Posted on May 31, 2019 by Kris Longmore
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If you've ever delved into the world of retail foreign exchange trading, you'll have come across the MetaTrader platform. Let's be clear. The platform has its drawbacks. If you've traded "grown-up" markets, some of the features will leave you scratching your head. But one thing's for sure - MetaTrader provides fast, convenient access to pretty much every retail forex broker on the planet. That's no small thing. If we had the choice, we'd rather trade directly with the broker through a dedicated API rather than through a third-party platform, but often that's not an option. One thing that my life as a trader has taught me is that it's better to move fast in order to get trading strategies into the market with a solution that's "good enough" rather than spending valuable R&D time on developing "optimal" solutions - which usually end up changing anyway. So we suck it up and make the best of the tools at our disposal. It's all about being smart with priorities. We do our Spot FX trading through Darwinex. Not only is their business...

Posted on May 29, 2019 by Robot James
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If you don't bring a humble attitude to the markets, the markets will quickly humble you. Being humble is fundamental to everything we do at Robot Wealth: in our own trading, and in collaborative research in our Bootcamps. The more we trade, the more we are humbled by the markets. The more we are humbled by the markets, the simpler our trading becomes. The financial markets are very efficient. Good traders inherently understand this, because good traders know it is hard to make money trading. Understanding this point is a critical starting point for a trader's success. At Robot Wealth, we call this Embracing the Mayhem. Our new ebook, now available here. You must understand the efficiency and the randomness in the market, and you must accept it. Embracing the Mayhem is the first step. Next, you must understand the games available to you as a trader. You must pick the ones with the best chance of a positive outcome, and you must play those games in an effective way. There are two types of games available which will pay you:...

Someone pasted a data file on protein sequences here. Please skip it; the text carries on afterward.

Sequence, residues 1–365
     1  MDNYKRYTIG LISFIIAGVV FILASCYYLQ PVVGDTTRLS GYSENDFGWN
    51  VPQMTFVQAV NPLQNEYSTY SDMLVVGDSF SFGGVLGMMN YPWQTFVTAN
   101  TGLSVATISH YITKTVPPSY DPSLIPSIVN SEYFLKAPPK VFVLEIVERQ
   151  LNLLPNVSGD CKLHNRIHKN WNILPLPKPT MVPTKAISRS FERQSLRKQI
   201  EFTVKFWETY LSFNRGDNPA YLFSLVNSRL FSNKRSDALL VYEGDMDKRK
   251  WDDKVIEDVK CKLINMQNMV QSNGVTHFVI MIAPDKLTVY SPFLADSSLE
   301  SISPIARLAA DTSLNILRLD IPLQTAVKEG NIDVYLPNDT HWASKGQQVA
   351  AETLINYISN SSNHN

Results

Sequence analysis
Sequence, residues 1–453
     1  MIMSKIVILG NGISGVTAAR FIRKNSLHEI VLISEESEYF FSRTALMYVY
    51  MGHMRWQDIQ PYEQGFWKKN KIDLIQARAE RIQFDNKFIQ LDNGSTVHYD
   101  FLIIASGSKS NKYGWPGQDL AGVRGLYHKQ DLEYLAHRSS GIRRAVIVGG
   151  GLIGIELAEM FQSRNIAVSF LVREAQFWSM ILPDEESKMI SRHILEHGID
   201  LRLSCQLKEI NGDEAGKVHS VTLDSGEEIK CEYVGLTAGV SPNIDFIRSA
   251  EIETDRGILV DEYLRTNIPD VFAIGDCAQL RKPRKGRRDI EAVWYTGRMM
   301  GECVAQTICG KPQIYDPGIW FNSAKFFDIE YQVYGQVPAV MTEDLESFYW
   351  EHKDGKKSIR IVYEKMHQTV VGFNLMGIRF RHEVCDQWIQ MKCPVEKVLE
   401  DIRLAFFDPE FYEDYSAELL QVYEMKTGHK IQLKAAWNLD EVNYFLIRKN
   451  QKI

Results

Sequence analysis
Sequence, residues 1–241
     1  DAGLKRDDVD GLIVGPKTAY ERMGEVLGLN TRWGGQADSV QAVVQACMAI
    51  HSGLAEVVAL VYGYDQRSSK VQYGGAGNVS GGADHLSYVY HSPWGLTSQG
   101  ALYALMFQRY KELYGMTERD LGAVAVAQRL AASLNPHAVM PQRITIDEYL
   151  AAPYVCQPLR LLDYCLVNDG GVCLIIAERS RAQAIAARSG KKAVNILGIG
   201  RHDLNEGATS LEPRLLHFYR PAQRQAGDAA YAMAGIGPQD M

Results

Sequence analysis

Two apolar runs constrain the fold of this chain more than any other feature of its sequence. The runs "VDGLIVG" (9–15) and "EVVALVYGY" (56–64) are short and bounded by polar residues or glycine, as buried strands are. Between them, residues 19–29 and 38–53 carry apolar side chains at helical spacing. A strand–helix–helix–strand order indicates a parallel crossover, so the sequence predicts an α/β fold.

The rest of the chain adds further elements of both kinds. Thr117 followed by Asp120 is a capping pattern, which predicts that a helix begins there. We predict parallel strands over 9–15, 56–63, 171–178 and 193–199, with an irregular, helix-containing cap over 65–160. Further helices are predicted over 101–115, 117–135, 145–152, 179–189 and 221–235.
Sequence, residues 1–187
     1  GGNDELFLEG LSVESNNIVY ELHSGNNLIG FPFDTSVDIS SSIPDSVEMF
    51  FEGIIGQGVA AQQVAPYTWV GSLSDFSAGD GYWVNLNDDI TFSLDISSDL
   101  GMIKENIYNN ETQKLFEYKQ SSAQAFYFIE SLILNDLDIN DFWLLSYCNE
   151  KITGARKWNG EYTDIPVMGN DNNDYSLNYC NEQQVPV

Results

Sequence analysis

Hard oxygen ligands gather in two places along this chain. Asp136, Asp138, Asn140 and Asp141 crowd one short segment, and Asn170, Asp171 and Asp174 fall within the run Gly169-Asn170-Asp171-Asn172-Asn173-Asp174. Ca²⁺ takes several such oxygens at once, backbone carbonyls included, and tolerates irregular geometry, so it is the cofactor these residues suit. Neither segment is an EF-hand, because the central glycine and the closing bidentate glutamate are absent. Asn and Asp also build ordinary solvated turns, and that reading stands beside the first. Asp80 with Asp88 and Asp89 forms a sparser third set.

Posted on May 27, 2019 by Robot James
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Pick the Easy Games Like many sociopaths, Frank Wallace was a fan of the philosophy of Ayn Rand. He wrote a book called "Poker: A Guaranteed Income for Life", started a cult based on Rand's philosophy of objectivism, and got convicted of tax fraud.   "Poker: A Guaranteed Income for Life" is about getting edges in poker by playing weak players. The main character, John Finn, gets himself invited to a variety of home poker games. He creates a carefree atmosphere at the games, he befriends and encourages the weaker players, and slowly and carefully, he extracts their money. In short, he's a con artist. But he's a con artist who has correctly identified that the most reliable way to make money playing poker is to play in easy games. This lesson can be applied to trading. The smartest decision you can make in trading is to play easy games. What are the easy games in trading? Passively harvesting risk premia is an easy game Relative return prediction (cross-sectional strategies) is easier than making absolute return predictions (time series strategies) Immature...